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reply Manfred Nowak <svv1999 hotmail.com> writes:
http://www.tyan.com/products/html/thunderk8qw.html
is raising the amd design to its limits.

I am still blushing under the thought to develop something in D for 
such hardware. We are at the cusp of public available massive 
parallel machines.

Who feels prepared for such?

-manfred
Nov 16 2005
parent Sean Kelly <sean f4.ca> writes:
Manfred Nowak wrote:
 http://www.tyan.com/products/html/thunderk8qw.html
 is raising the amd design to its limits.
 
 I am still blushing under the thought to develop something in D for 
 such hardware. We are at the cusp of public available massive 
 parallel machines.
 
 Who feels prepared for such?

Have you seen Horus? The price tag might be a bit steep for home machines, but I'm very excited about the possibilities: http://www.hypertransport.org/docs/tech/horus_external_white_paper_final.pdf http://www.realworldtech.com/includes/templates/articles.cfm?ArticleID=RWT120104202353&mode=print Based on in-house performance comparisons between a single Opteron and a Sparc NUMA machine (the Opteron is orders of magnitude faster than the Sparc when operating on medium to large datasets), I'm very excited about SMP Opterons for concurrent programming. I'm also quite interested to see lock-free performance comparisons between a fully loaded Horus machine and a Sparc, given the glaring differences in the memory model between these two platforms. In the long term however, I have a feeling systems will be converging on the Release Consistency model (similar to the Itanium) as it seems a good compromise between simplicity and speed. By comparison, the x86 implements Processor Consistency and in practice is actually Sequentially Consistent in most cases. This being the case, I'm surprised the Opteron scales as well as it does. It's a real testament to the memory controller architecture in this design. Go AMD :-) Sean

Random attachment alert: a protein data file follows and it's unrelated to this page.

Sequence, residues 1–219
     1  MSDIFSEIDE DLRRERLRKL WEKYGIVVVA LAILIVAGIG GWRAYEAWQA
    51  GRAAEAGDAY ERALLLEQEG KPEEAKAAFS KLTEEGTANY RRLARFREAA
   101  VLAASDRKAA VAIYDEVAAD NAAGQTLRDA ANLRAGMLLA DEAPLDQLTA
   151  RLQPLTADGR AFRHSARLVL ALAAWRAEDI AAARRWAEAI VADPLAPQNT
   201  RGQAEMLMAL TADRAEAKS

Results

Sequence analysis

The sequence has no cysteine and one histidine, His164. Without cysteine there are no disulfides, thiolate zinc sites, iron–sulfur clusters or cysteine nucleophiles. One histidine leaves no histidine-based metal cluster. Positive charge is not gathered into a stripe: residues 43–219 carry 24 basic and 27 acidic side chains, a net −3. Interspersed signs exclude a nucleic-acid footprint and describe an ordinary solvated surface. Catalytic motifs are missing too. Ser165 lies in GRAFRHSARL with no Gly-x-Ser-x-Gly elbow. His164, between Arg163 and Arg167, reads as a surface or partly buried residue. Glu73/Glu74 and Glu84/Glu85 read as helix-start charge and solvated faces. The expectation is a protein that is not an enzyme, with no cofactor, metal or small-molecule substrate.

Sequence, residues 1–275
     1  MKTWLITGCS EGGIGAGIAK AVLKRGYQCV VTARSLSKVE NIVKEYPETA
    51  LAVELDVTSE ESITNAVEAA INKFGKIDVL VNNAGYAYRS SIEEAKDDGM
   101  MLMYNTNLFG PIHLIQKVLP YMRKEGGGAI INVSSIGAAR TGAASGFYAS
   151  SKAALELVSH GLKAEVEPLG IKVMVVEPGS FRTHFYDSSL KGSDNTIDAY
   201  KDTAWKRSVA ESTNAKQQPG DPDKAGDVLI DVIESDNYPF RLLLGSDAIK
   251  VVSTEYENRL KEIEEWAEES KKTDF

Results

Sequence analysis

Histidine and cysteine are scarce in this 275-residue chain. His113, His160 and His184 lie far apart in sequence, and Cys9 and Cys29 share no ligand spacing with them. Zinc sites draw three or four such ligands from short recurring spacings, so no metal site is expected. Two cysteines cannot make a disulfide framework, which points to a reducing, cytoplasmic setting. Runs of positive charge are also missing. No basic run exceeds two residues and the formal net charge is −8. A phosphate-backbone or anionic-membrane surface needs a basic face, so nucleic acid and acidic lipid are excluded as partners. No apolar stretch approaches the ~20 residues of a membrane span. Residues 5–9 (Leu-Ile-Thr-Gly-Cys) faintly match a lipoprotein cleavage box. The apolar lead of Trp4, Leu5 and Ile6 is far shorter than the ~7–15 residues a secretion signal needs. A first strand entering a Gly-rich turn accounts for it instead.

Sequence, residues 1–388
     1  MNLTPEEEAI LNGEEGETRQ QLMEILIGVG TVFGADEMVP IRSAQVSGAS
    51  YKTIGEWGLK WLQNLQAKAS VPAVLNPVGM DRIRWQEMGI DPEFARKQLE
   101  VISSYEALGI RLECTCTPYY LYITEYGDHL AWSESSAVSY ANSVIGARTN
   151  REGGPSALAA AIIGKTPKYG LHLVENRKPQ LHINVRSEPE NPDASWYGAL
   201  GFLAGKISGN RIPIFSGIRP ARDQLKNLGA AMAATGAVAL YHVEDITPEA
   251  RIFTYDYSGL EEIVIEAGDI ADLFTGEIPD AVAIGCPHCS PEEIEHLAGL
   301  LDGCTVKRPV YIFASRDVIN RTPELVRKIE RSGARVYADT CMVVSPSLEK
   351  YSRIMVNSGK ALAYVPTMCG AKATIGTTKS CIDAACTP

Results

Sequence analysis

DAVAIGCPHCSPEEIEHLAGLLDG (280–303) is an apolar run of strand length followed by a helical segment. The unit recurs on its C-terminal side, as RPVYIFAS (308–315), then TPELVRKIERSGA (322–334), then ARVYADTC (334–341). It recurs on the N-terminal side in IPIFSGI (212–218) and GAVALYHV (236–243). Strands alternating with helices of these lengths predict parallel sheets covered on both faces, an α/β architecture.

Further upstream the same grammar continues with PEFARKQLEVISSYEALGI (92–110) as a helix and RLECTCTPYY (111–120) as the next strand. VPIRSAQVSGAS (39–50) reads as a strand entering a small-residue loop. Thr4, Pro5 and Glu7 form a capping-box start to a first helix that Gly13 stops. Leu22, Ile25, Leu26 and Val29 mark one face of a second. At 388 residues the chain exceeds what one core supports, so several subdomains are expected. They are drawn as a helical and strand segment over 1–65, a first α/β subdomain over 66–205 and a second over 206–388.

Nov 16 2005